Is Russia hardening its policy towards Japan?
On 31 October, President Dmitri Medvedev became the first Russian leader since 1945 to visit one of the Kuril Islands. In response Japan, which considers the southern part of the islands as occupied territory (no peace treaty was signed between these nations after World War II) temporarily recalled its ambassador from Moscow. The hardening of Moscow’s policy towards Tokyo seems to result from disappointment with the lack of response from Japan to Russia’s offer in 2009 to tighten economic relations.
Despite Japan’s protests, Russia suggested the possibility of further visits by the president to the Kurils. At the same time, Moscow called off a visit by a deputy premier, Igor Shuvalov, to a Russian-Japanese investment forum which is supposed to take place in two weeks’ time (it was officially denied that this had anything to do with the current tensions). However, the meeting between President Medvedev and the Japanese prime minister Naoto Kan during the APEC summit in Yokohama in a fortnight has not been called off, which suggests that each side wants to limit the extent of the tension.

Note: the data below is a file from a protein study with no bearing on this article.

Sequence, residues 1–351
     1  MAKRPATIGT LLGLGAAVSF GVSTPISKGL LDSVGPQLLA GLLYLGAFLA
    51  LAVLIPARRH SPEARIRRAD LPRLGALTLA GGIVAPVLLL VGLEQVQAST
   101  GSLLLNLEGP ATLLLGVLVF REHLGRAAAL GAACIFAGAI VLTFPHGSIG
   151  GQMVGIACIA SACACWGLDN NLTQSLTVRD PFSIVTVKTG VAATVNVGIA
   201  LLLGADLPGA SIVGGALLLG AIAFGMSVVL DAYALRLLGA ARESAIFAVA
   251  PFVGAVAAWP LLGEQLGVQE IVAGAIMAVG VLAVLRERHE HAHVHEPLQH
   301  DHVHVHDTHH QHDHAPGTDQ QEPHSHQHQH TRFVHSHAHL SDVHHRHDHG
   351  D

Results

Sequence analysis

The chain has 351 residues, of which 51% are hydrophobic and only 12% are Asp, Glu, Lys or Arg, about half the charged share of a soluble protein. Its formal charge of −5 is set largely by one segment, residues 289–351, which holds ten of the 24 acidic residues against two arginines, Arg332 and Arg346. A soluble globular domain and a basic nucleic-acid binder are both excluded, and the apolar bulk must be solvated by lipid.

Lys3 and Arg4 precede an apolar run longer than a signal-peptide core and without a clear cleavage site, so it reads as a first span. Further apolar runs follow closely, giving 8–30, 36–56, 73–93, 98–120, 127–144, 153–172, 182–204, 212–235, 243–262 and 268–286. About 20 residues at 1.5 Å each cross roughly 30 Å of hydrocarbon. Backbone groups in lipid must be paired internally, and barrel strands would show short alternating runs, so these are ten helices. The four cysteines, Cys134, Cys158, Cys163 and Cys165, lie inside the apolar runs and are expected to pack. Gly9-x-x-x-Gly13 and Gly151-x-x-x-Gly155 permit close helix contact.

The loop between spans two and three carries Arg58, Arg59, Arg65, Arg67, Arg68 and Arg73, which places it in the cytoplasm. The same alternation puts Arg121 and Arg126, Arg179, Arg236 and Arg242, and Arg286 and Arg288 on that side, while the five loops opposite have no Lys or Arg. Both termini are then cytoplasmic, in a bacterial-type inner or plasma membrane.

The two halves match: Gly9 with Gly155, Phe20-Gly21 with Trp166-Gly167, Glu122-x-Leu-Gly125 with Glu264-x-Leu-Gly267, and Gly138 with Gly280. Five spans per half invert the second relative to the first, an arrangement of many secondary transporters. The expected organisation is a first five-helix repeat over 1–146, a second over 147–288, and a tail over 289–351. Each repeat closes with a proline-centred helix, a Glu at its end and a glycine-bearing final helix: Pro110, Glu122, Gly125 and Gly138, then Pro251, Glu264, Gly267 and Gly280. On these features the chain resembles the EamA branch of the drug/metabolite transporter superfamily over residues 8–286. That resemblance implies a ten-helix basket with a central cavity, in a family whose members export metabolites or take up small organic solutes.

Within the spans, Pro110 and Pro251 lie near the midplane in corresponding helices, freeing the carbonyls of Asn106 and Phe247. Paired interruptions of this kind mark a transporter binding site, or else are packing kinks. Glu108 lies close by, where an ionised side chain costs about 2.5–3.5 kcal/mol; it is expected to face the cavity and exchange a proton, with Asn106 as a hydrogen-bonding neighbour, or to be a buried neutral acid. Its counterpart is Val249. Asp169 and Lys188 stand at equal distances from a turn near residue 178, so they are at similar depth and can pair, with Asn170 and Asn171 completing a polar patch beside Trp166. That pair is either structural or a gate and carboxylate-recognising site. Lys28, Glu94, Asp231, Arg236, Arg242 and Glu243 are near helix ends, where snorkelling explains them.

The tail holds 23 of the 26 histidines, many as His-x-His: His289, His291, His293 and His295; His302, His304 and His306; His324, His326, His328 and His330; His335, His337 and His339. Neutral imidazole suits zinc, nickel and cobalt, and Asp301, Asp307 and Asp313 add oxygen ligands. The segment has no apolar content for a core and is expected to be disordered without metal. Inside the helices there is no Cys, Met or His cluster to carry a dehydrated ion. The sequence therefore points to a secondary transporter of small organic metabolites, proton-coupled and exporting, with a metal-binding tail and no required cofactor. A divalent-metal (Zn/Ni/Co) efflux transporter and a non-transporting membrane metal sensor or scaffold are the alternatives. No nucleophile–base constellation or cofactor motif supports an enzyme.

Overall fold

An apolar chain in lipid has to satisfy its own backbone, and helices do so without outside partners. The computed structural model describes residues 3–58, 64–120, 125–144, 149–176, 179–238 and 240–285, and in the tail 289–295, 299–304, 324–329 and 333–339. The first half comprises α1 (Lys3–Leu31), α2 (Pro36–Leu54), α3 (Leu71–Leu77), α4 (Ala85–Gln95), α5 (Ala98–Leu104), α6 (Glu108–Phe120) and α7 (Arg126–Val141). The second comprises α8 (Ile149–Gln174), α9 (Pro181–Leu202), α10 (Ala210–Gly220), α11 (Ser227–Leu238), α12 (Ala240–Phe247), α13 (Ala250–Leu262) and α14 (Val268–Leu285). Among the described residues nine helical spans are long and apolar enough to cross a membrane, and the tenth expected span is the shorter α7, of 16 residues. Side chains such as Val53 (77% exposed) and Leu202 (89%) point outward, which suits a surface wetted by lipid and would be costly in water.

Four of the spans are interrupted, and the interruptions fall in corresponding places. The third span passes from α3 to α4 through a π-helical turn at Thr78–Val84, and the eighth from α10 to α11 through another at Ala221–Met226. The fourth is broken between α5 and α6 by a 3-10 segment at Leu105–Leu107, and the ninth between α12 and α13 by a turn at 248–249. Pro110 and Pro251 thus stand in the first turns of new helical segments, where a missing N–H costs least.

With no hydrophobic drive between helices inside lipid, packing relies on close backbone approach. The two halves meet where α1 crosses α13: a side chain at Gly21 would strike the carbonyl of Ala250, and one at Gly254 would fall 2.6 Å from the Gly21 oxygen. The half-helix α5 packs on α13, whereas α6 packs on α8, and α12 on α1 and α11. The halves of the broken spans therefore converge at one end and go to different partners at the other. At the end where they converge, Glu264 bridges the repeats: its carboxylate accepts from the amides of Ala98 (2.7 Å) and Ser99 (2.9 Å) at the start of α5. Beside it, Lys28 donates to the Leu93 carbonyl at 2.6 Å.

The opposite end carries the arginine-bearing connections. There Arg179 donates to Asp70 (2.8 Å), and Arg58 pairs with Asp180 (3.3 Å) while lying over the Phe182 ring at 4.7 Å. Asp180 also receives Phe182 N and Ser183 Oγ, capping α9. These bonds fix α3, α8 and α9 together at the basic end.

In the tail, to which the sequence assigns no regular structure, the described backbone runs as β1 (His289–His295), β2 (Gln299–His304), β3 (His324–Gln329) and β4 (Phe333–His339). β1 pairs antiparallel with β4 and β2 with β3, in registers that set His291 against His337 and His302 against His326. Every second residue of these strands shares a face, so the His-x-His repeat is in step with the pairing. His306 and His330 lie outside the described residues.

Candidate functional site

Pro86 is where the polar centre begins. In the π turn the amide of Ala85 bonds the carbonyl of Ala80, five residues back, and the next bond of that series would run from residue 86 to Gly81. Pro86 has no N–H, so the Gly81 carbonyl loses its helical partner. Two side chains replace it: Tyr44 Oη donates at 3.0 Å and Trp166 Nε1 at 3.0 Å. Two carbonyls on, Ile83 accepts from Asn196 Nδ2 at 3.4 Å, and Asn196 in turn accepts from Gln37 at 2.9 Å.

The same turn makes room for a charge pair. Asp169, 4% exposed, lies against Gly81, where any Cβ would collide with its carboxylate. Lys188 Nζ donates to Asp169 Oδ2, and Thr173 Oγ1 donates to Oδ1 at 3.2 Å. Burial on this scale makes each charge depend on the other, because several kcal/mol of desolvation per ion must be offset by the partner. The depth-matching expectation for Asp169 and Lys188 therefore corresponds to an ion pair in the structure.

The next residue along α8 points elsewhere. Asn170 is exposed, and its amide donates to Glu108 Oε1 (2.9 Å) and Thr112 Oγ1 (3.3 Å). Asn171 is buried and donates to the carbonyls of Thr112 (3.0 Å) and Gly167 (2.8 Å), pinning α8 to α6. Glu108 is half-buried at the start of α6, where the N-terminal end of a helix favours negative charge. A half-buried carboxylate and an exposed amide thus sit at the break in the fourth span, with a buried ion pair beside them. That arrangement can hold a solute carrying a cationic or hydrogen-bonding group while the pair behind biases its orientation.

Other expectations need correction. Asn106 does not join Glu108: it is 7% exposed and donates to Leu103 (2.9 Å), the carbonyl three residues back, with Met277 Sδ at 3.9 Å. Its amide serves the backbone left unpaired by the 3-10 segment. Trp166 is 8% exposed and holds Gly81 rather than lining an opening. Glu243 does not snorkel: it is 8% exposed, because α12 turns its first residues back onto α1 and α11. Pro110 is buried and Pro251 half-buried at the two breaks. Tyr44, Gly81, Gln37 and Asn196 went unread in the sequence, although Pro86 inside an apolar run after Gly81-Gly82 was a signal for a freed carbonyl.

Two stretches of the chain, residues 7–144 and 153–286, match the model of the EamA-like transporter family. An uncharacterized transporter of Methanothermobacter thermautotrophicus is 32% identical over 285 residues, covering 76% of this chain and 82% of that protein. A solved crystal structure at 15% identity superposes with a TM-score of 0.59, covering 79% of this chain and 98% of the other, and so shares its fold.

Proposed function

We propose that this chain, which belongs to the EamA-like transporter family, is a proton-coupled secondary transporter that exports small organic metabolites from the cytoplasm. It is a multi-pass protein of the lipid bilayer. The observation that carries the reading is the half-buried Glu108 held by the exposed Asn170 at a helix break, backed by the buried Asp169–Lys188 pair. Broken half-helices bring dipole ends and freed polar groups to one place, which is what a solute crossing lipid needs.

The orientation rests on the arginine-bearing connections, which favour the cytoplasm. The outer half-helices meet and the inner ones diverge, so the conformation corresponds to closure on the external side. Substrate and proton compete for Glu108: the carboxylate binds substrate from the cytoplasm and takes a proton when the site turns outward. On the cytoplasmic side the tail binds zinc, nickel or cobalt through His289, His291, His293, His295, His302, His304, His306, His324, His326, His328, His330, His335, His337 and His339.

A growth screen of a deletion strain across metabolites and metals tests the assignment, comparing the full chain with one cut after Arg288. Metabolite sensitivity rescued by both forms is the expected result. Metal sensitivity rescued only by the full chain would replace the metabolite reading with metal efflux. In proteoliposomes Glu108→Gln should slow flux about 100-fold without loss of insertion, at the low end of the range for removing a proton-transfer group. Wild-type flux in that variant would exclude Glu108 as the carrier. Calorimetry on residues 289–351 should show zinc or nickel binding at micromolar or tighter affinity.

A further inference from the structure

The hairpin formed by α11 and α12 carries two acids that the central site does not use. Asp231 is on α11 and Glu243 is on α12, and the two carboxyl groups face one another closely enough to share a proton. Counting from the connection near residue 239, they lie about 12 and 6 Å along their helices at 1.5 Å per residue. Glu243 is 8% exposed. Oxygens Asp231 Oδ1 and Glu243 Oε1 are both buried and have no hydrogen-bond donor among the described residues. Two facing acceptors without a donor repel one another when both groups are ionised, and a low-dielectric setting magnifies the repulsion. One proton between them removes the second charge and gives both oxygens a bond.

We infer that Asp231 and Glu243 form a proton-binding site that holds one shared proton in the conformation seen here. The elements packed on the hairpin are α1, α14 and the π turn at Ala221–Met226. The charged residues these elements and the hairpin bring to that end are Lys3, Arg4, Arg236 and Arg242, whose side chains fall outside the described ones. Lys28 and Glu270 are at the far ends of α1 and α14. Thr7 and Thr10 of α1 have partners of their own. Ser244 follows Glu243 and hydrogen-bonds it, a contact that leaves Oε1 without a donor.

In its policy towards Japan, Russia has consistently tried to separate the question of the territorial dispute from closer economic relations. In 2009, Prime Minister Vladimir Putin suggested the possibility of a ‘political’ as opposed to a legal resolution to the dispute, and this year Moscow presented Tokyo with an offer of joint economic enterprises in the Russian Far East, which was meant to counterbalance the Chinese presence there. It seems that the reason for the Kremlin’s current actions is the lack of a Japanese response to the Russian proposals, and Tokyo’s making broadening economic co-operation conditional on a solution to the territorial question. <MaK>